Logic and Computation I

This is an advanced undergraduate and graduate-level course in mathematical logic and theory of computation. Topics to be presented in the first semester include: computable functions, undecidability, propositional logic, NP-completeness, first-order logic, Goedel's completeness theorem, Goedel's incompleteness theorems, modal logic and its decidability.

In the second semester, we will move on to second-order logic, modal $\mu$-calculus, infinite automata, descriptive set theory, admissible recursion, etc.

In the second semester, we will move on to second-order logic, modal $\mu$-calculus, infinite automata, descriptive set theory, admissible recursion, etc.

Lecturer

Date

10th September ~ 19th December, 2024

Location

Weekday | Time | Venue | Online | ID | Password |
---|---|---|---|---|---|

Tuesday,Thursday | 15:20 - 16:55 | A3-2-301 | ZOOM 08 | 787 662 9899 | BIMSA |

Prerequisite

Completion of undergraduate course on logic, set theory or automata theory is recommended. But all interested students are welcome.

Syllabus

Part 1. Introduction to Computational Theory

Fundamentals on theory of computation and computability theory (recursion theory) of mathematical logic, as well as the connection between them.

This part is the basis for the following lectures.

Part 2. Propositional Logic and Computational Complexity

The basics of propostional logic (Boolean algebra) and complexity theory including some classical results, such as the Cook-Levin theorem.

Part 3. First Order Logic and formal arithmetic

The basics of first-order logic, Goedel's completeness theorem, Goedel's incompleteness theorems, the Ehrenfeucht-Fraisse theorem and Lindstrom's theorem.

Part 4. Modal logic

Kripke models, Kripke-complete and canonical logics, standard translation, bisimulation, decidability results, and epistemic logic. In "Logic and Computation II", we will move on to second-order logic and modal $\mu$-calculus.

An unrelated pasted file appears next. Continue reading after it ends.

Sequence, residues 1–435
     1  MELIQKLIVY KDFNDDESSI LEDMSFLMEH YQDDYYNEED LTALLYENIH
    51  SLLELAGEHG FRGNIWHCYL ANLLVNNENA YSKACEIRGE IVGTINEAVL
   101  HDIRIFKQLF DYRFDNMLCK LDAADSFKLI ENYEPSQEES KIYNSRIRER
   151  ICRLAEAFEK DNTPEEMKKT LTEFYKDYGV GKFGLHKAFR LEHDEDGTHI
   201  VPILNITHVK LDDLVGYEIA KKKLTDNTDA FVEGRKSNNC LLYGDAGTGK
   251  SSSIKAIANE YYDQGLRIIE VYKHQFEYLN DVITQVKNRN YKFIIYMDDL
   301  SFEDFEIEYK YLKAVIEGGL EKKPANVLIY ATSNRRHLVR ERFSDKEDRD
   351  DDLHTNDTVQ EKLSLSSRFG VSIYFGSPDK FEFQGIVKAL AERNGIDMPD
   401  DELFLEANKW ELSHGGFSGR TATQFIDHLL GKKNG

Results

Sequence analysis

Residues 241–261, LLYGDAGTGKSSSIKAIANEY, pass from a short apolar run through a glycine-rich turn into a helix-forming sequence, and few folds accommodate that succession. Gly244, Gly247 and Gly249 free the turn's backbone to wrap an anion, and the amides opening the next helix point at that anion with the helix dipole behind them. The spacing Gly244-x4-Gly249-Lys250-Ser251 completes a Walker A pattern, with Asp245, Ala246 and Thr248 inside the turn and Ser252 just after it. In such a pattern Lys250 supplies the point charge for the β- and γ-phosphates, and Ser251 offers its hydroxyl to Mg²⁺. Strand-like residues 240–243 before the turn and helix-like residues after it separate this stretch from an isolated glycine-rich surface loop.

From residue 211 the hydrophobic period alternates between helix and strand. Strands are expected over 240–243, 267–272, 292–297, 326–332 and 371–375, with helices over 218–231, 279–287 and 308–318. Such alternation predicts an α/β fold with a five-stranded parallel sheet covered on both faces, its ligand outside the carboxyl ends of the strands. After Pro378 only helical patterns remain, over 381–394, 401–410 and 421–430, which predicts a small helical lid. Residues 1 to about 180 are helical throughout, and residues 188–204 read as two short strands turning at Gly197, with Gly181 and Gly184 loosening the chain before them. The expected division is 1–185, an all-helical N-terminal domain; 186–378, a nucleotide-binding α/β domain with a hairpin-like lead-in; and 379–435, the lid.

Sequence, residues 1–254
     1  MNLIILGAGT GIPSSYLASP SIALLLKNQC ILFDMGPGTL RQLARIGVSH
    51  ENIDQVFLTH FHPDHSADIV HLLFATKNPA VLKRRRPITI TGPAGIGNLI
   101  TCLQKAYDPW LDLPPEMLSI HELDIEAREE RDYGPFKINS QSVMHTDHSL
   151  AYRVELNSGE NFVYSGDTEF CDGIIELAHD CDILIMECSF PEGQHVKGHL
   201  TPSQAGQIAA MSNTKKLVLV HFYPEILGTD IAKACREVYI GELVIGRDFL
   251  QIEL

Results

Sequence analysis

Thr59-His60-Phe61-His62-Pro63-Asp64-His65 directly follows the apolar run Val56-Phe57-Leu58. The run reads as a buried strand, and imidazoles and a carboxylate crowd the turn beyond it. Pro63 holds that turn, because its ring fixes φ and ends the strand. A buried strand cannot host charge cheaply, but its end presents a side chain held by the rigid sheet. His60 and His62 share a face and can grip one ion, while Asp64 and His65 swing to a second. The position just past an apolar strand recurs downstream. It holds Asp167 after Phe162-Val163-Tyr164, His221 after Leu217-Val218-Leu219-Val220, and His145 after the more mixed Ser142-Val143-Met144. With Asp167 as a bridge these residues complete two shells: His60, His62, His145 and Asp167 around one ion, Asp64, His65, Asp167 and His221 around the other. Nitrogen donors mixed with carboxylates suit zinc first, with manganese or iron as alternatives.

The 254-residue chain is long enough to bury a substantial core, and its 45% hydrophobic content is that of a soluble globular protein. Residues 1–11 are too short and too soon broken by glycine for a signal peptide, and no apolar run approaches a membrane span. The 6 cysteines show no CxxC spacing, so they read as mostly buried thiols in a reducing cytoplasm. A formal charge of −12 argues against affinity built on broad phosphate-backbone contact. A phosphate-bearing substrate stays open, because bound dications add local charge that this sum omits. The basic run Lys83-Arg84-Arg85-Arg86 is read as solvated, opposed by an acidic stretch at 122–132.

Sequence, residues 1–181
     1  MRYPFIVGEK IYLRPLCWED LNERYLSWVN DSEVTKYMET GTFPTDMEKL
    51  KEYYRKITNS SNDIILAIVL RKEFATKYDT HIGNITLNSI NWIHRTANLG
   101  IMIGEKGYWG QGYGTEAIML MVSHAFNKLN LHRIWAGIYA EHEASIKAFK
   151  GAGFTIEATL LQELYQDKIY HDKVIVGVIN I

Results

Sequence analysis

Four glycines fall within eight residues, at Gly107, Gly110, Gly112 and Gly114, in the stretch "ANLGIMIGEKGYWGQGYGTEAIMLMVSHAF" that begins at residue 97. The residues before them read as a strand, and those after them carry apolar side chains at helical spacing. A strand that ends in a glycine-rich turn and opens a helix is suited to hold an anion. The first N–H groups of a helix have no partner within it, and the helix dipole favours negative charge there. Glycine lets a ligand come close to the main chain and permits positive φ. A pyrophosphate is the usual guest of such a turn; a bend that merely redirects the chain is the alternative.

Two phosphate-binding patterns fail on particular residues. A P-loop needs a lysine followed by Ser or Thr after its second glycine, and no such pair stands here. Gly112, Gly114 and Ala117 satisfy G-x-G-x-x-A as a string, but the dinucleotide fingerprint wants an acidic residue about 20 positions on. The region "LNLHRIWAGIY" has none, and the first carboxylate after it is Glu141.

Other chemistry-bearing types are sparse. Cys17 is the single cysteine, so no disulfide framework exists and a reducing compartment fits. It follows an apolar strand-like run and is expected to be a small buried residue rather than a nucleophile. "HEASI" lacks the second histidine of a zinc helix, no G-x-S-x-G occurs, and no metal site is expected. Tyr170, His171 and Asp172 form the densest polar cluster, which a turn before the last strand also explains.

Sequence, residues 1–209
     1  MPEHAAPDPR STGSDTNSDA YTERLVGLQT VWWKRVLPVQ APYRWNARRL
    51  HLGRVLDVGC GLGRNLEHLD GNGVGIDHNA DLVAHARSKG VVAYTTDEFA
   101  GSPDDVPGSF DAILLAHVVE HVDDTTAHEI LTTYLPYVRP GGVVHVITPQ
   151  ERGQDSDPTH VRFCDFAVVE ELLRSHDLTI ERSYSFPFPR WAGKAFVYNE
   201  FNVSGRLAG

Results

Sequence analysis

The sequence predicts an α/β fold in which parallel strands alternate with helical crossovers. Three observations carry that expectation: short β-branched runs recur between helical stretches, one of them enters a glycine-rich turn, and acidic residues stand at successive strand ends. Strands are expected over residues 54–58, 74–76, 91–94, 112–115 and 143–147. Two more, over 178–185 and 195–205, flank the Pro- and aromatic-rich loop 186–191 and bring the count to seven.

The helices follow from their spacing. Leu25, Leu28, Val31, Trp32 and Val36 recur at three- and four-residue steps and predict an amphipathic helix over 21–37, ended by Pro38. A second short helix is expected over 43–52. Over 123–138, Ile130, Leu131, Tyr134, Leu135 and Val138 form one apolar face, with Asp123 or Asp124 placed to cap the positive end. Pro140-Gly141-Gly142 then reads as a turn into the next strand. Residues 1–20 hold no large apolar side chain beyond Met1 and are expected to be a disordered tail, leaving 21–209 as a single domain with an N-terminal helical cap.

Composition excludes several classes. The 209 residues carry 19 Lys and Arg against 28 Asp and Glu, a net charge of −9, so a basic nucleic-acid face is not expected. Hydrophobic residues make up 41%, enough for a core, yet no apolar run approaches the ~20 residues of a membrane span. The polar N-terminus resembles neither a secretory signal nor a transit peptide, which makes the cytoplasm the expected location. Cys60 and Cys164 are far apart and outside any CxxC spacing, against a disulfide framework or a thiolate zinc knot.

Fundamentals on theory of computation and computability theory (recursion theory) of mathematical logic, as well as the connection between them.

This part is the basis for the following lectures.

Part 2. Propositional Logic and Computational Complexity

The basics of propostional logic (Boolean algebra) and complexity theory including some classical results, such as the Cook-Levin theorem.

Part 3. First Order Logic and formal arithmetic

The basics of first-order logic, Goedel's completeness theorem, Goedel's incompleteness theorems, the Ehrenfeucht-Fraisse theorem and Lindstrom's theorem.

Part 4. Modal logic

Kripke models, Kripke-complete and canonical logics, standard translation, bisimulation, decidability results, and epistemic logic. In "Logic and Computation II", we will move on to second-order logic and modal $\mu$-calculus.

Reference

[1] H.D. Ebbinghaus, H. Flum and W. Thomas, Mathematical Logic, 3rd ed., Springer 2021.

[2] D.C. Kozen, Theory of Computation, Springer 2006.

[3] P. Blackburn, M. de Rijke and Y. Venema, Modal Logic, Cambridge UP, 2002.

[4] K. Tanaka, 計算理論と数理論理学 (Mathematics of Logic and Computation, in Japanese), Kyoritsu 2022.

[2] D.C. Kozen, Theory of Computation, Springer 2006.

[3] P. Blackburn, M. de Rijke and Y. Venema, Modal Logic, Cambridge UP, 2002.

[4] K. Tanaka, 計算理論と数理論理学 (Mathematics of Logic and Computation, in Japanese), Kyoritsu 2022.

Audience

Advanced Undergraduate
, Graduate

Video Public

No

Notes Public

Yes

Language

English

Lecturer Intro

Kazuyuki Tanaka received his Ph.D. from U.C. Berkeley. Before joining BIMSA in 2022, he taught at Tokyo Inst. Tech and Tohoku University, and supervised fifteen Ph.D. students. He is most known for his works on second-order arithmetic and reverse mathematics, e.g., Tanaka's embedding theorem for WKLo and the Tanaka formulas for conservation results. For more details: https://sendailogic.com/tanaka.html